Golf’s generation game in play at the Close

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Gertie McMullen (The Island) (Image: Golf Ireland / Golffile - Fran Caffrey)

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Edmondstown’s Evelyn Park will hit the opening shot of the 2022 AIG Irish Women’s Close on Saturday morning at 7am.

Over the following four hours, another 71 players will tee off at Grange GC with different aspirations. Some will hope to succeed Anna Foster as champion. Some will look to make the top-32 come Saturday evening. Others will hope to perform to the best of their abilities.

Not many events on the Irish sporting calendar can see a 50-year age gap between competitors, but that is the case this weekend in Grange. The event sees players in their teens, twenties, thirties, forties, fifties and sixties competing.

Ahead of the event, we asked players from each decade what the AIG Irish Women’s Close means to them:

Valerie Clancy – Killarney
Last year’s beaten quarter-finalist, Valerie is a former Irish Girls international and studies at the University of Indiana.

“The Close is the pinnacle of Irish golf. It’s the one tournament of the year where everyone comes to compete. It’s the most prestigious tournament, and one you want to do well in. That’s the tournament where players are at their most competitive. I’d say I’ve played in it six or seven times.

“You can play golf, no matter what age you are. One day I could be playing with a player my own age, and the next day you could be playing with someone in their sixties. You get a different perspective from everyone you play with. It’s one of the fun parts of golf. You could end up playing with anyone, on any given day.”

Anna Dawson – Tramore
A student at the University of Arkansas at Little Rock, Anna is a former Irish Girls international.

“The Close is a brilliant start to the season, on Irish soil. I’m only home a few weeks from America, so it’s nice to get up and running with an event like this. I can’t wait to see all the girls from around the country, and to see how I’ve improved over in the States, against them. It’s always an event I look forward to.

“I played in it for the first time in 2018. The day I finished my Junior Cert, I travelled up to Enniscrone to play. There is so much to learn from players of all ages. I played with Laura Webb and she plays differently to I do, but there is so much to learn from players in different age groups.”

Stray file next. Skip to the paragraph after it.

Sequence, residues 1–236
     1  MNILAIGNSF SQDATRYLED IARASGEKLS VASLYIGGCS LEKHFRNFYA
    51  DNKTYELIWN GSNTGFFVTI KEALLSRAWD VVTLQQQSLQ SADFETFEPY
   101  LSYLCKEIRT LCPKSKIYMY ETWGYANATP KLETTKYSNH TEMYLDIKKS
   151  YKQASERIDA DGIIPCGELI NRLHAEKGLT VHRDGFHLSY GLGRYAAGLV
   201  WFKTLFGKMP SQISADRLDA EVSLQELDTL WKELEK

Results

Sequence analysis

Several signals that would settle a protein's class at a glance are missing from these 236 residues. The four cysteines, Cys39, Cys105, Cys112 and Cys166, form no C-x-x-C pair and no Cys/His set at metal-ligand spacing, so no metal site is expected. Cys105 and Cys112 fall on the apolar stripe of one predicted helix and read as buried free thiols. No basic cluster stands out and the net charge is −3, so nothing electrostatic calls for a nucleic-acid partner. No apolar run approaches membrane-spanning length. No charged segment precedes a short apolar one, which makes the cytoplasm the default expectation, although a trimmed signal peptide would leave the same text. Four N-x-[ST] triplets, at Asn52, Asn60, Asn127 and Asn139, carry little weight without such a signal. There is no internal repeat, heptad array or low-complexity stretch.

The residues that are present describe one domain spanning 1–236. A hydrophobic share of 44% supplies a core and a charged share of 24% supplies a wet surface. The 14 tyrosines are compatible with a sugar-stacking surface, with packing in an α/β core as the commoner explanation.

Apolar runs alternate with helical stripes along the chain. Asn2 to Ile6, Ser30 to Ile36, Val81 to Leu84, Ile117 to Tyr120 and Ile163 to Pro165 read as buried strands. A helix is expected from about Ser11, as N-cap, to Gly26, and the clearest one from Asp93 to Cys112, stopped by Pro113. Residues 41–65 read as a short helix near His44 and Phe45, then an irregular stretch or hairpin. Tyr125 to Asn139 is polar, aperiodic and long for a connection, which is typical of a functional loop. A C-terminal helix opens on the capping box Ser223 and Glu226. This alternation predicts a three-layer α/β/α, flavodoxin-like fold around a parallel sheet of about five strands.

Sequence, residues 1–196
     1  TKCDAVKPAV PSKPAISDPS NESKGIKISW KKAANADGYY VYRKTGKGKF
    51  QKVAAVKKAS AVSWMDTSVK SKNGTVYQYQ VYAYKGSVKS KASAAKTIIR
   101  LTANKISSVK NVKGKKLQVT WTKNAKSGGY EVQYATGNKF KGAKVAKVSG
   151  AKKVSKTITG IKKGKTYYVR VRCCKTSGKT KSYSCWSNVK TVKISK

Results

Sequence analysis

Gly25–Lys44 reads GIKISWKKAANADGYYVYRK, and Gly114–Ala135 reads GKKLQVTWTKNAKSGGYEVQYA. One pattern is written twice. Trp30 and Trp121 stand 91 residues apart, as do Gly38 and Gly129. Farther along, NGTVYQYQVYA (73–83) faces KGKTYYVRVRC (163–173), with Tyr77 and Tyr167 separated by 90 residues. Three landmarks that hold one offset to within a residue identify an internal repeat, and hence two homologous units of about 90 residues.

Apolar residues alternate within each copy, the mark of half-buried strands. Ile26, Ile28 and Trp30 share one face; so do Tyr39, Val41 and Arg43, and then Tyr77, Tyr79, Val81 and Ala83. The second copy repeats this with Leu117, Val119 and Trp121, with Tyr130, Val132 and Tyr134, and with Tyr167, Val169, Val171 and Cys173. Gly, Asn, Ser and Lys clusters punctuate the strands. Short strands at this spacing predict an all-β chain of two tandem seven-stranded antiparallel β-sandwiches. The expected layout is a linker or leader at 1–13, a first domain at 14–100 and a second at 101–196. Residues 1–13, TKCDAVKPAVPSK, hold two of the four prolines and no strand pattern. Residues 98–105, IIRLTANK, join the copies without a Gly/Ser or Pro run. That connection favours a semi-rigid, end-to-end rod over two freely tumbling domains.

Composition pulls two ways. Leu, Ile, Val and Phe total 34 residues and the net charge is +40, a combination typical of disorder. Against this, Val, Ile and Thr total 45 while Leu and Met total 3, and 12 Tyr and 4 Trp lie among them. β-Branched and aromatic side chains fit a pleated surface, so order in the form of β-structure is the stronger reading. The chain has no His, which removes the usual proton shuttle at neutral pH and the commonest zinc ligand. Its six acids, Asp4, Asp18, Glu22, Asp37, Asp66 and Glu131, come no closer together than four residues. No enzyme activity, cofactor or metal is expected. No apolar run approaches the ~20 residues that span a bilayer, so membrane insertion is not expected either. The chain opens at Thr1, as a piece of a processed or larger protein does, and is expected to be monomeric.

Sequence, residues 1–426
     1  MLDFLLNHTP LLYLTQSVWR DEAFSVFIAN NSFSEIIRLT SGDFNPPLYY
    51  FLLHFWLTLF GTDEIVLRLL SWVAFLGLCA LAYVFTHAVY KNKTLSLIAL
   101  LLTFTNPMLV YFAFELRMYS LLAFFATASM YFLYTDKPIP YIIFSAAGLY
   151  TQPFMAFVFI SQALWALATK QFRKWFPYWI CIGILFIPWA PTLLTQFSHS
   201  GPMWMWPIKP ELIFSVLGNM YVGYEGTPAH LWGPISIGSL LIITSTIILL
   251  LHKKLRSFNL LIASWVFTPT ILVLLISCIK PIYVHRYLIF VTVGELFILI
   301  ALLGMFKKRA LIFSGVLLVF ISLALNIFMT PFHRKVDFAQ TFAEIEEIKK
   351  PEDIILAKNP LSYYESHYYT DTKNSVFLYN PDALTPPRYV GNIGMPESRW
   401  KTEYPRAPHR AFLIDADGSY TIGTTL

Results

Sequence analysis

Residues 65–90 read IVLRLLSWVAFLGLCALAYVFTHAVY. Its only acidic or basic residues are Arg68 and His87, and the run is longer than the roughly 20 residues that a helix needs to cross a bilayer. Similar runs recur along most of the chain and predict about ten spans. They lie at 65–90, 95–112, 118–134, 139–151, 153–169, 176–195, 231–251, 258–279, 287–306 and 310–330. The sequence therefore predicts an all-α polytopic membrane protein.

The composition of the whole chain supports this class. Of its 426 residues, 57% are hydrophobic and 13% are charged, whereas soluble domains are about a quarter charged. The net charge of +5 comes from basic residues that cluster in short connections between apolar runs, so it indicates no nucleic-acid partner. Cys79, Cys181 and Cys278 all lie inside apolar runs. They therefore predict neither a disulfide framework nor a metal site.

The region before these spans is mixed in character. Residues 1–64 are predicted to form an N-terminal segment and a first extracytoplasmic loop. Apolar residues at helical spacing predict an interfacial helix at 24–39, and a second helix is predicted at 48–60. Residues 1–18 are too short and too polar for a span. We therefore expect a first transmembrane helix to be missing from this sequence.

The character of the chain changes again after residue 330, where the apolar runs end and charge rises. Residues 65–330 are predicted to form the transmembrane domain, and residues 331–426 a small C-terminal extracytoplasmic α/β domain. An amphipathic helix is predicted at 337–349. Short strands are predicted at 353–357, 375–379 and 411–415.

Ann Geoghegan – Athlone

Athlone GC’s Golfer of the Year in 2021, Ann reached the Last-16 of the 2008 Close before losing to Lisa Maguire.

“I played the Close a few times. I like playing in it, because you play with players of your own level, and it’s an excellent standard. In Athlone, there aren’t any other single figure players, so that’s why I make the effort to play in the Close and a few Scratch Cup around the country. I haven’t played in it since 2008 though. I was away for a while, but it’s great to be playing in Grange.

“It never bothers me who I play with. It’s nice to always play with a variety of players, and hopefully get a good 36-holes. I was never a serious competitor but it’s always about playing as best as I can. If I get through to the Matchplay, I’ll be happy.”

Gertie McMullan – The Island

A multiple winner of the Irish Senior Women’s Close, Gertie is also a current Irish Senior Women’s International

“The Close is my national championship. I’m very proud to be Irish and am proud to have represented Ireland. You are playing the best of what the country has to offer. It’s brilliant to be able to participate in it. I’ve played in it since I got down to single figures in my forties. I’d say I’ve competed 15 to 20 times in it.

“Age doesn’t come into it in an event like this. It’s all about qualifying on merit. I’ve had lovely matches when playing in the Close. Last year I was paired with Kate Fleming. She was on the Irish Girls team, and I was on the Senior Women’s team in the Home Internationals. It’s brilliant when there is some commonality there. It’s not all about age though.”

Julie O’Gara – Grange

A former Connacht Interprovincial player, Julie returned to golf in recent years and is now based in Dublin.

“It’s nice that I’m able to compete. I know I can play in the Close, so why wouldn’t I? I’ve no aspirations for the Close, but it’s all about playing well, and making myself proud. I’ve haven’t been playing well, but I love golf, and that’s why I’m playing. There are five or six Grange members playing, but I think Sheena McElroy will do really well from the club. I played with her this week. She’s incredible!

“I wouldn’t have entered if the Close wasn’t in Grange I’d say. I played five or six Closes in my teens, but this is my first one since returning to the sport. The Saturday of the Close is a long day. I’m dying to meet my playing partners. It’s nice to have a new perspective on the game and getting to know new people too.”

Laura Webb – Royal Portrush

The 1988 and 1994 Irish Women’s Close champion, Laura has also won the Irish Girls’ Close and Irish Senior Women’s Close.

“The Close is the biggest women’s event in the country. It’s a big deal. From my perspective, it should be a showcase of the best women’s golfers in the country. I’ve played in the event around ten times. For Irish golfers, I’d see this as the most prestigious competition in Ireland, and feel it should be one for players to have on their CV.

“I’ve been fortunate enough to have played with players from all ages, from my time in England. It’s a great thing about the game of golf – if you want to, and stay healthy, you play golf from school up to until you retire. I love seeing how young players approach the game. It’s great playing with players you have some history with too though.”

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